individual’s tendency to perceive, interpret, and incorporate into their cognitive role
perceptions even subtle situational cues (Snyder, 1974; 1986; Turnley & Bolino, 2001).
High self-monitors tend to adapt their styles to the environment, which helps them gain
higher centrality in organizational networks as well as higher performance ratings (Mehra
et al., 2001). Environmental stimuli are more likely to enter the cognitive attention span
of individuals high on self-monitoring (Fiske & Taylor, 1991). I propose that self-
monitoring moderates the relationships between organizational culture and work role
perceptions (Fiske & Taylor, 1991) as well as between work role perceptions and
behaviors, such that high self-monitors are more likely to incorporate organizational
culture stimuli into their cognitive schema of role perceptions and enact them in order to
suit the environmental demands (Snyder, 1974; 86; Chatman, 1991).
In addition, I propose that culture strength is an organizational level factor, which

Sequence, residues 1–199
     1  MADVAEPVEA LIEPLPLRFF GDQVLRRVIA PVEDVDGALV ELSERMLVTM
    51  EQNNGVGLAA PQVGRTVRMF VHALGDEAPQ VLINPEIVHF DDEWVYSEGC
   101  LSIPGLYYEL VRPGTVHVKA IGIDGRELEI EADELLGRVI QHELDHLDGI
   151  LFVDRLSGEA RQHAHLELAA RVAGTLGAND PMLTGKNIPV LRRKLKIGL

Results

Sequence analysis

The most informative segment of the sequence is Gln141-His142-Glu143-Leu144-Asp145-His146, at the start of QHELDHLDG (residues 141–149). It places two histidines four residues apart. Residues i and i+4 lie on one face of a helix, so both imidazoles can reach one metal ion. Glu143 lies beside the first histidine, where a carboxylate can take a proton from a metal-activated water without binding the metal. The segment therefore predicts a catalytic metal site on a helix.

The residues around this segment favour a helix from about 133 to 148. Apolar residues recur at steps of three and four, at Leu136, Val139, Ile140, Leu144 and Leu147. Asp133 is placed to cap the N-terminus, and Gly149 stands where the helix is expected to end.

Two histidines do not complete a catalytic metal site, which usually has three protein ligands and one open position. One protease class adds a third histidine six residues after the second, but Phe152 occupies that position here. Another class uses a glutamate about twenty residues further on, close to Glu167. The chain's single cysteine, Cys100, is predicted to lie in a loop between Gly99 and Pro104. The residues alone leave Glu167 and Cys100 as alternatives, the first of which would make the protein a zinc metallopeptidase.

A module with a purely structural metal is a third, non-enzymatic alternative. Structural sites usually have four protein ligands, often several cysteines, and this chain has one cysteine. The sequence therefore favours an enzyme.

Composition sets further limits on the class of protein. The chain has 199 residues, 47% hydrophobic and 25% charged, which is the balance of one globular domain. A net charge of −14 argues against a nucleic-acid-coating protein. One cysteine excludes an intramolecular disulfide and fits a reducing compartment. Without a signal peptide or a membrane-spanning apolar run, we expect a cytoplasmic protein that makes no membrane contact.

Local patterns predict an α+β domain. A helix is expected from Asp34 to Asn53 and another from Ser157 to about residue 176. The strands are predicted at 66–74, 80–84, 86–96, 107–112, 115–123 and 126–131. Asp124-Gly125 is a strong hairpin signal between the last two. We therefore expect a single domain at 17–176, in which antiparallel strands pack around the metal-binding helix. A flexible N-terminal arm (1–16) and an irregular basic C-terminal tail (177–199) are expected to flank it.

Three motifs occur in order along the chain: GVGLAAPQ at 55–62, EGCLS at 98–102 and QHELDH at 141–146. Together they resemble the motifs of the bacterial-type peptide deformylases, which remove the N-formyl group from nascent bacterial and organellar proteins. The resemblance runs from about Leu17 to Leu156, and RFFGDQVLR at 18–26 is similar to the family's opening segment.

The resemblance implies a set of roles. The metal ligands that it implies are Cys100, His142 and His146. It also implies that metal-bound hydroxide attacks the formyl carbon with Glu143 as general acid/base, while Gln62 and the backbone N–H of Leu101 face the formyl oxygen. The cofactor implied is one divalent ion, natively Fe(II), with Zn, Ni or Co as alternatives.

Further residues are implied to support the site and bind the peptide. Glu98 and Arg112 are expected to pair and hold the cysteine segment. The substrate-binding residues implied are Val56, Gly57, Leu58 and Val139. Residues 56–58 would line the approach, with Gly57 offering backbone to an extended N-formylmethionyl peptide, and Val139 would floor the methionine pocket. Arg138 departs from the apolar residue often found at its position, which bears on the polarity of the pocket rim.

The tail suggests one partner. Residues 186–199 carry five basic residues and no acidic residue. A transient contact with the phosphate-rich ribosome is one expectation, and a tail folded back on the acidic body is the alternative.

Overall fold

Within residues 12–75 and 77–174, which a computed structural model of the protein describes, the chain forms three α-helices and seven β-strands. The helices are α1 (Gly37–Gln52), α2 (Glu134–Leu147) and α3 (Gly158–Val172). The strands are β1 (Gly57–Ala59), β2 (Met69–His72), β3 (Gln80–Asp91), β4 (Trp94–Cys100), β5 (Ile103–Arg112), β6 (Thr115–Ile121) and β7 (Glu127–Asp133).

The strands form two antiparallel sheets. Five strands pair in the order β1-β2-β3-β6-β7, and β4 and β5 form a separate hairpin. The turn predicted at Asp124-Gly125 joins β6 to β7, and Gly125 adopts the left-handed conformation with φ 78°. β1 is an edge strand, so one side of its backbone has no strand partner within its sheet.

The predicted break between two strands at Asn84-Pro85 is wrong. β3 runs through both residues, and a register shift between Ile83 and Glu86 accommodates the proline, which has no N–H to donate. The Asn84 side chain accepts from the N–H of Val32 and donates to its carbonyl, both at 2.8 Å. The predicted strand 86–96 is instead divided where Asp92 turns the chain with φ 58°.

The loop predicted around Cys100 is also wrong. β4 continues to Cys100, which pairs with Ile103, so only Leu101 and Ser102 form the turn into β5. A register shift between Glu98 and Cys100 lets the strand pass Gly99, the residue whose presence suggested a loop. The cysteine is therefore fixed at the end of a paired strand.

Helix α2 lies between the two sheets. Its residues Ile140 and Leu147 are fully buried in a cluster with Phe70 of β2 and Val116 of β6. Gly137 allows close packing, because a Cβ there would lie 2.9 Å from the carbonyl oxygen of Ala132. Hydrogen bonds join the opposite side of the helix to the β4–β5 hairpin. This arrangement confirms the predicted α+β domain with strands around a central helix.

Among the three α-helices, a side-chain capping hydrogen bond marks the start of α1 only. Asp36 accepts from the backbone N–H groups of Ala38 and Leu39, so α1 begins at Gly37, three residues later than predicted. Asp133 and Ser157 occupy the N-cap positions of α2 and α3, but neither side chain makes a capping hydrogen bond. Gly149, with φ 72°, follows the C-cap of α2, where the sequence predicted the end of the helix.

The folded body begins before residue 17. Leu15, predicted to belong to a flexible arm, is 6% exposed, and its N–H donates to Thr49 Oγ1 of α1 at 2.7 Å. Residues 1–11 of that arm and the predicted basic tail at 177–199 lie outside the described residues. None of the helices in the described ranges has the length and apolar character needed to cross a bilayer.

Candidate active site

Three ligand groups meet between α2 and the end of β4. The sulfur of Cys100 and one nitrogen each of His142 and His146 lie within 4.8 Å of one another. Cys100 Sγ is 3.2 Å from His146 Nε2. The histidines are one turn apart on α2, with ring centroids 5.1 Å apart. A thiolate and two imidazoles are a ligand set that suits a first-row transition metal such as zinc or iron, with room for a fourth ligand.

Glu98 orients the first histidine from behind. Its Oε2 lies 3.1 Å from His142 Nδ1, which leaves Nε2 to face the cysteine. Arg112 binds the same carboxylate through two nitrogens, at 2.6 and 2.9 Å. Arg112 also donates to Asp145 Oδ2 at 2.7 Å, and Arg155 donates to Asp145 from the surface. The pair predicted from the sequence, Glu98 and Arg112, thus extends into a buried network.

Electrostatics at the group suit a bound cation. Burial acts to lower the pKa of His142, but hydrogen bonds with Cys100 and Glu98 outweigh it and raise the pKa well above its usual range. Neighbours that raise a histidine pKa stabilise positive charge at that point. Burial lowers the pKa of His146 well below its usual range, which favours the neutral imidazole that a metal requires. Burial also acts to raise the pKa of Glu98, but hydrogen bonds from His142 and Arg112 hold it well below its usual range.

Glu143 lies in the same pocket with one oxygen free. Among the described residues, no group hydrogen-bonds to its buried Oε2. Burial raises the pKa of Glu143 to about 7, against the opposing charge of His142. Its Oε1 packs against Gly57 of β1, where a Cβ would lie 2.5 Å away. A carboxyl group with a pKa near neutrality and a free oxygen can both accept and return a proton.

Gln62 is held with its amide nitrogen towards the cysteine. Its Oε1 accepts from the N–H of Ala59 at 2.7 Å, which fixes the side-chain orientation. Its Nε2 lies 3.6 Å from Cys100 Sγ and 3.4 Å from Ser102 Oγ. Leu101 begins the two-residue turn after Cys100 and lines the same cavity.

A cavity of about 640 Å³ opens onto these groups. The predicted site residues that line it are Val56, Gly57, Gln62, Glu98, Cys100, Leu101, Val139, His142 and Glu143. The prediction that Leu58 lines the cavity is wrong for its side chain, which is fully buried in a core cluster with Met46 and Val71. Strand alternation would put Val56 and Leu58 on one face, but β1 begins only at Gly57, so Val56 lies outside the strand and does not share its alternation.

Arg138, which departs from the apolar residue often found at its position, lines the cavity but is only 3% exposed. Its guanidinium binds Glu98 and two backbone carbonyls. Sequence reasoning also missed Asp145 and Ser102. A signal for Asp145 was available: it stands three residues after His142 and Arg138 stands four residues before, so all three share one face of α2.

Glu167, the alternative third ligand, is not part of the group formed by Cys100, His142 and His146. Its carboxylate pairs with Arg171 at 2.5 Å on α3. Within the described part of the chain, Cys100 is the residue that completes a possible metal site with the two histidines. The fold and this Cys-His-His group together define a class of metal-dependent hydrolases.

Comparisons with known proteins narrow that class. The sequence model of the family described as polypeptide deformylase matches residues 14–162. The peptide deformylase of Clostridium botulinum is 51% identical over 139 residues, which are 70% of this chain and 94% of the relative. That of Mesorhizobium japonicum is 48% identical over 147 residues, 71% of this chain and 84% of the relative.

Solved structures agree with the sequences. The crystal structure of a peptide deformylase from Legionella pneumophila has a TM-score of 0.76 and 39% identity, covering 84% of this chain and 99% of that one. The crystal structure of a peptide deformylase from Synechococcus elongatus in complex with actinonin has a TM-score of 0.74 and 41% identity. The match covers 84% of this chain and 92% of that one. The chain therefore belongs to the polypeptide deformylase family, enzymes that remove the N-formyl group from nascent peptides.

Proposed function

reinforces the relationship between culture and cognitive perceptions, and cognitive
perceptions and behaviors. Martin (1992) discussed three different perspectives on
culture: integration, differentiation, and fragmentation. From an integration standpoint,
organizational members maintain consensus regarding the organizational culture. The
differentiation perspective on the other hand suggests the formation of different
subcultures in organizations that prevents a singular view on the organization’s culture.
Finally, a fragmentation perspective suggests that there is ambiguity (action, symbolic
and ideological) in the culture that renders the process of meaning creation equivocal and
open to individual interpretation. The three different perspectives imply that culture is not
always homogenous; thus, considering culture strength is warranted.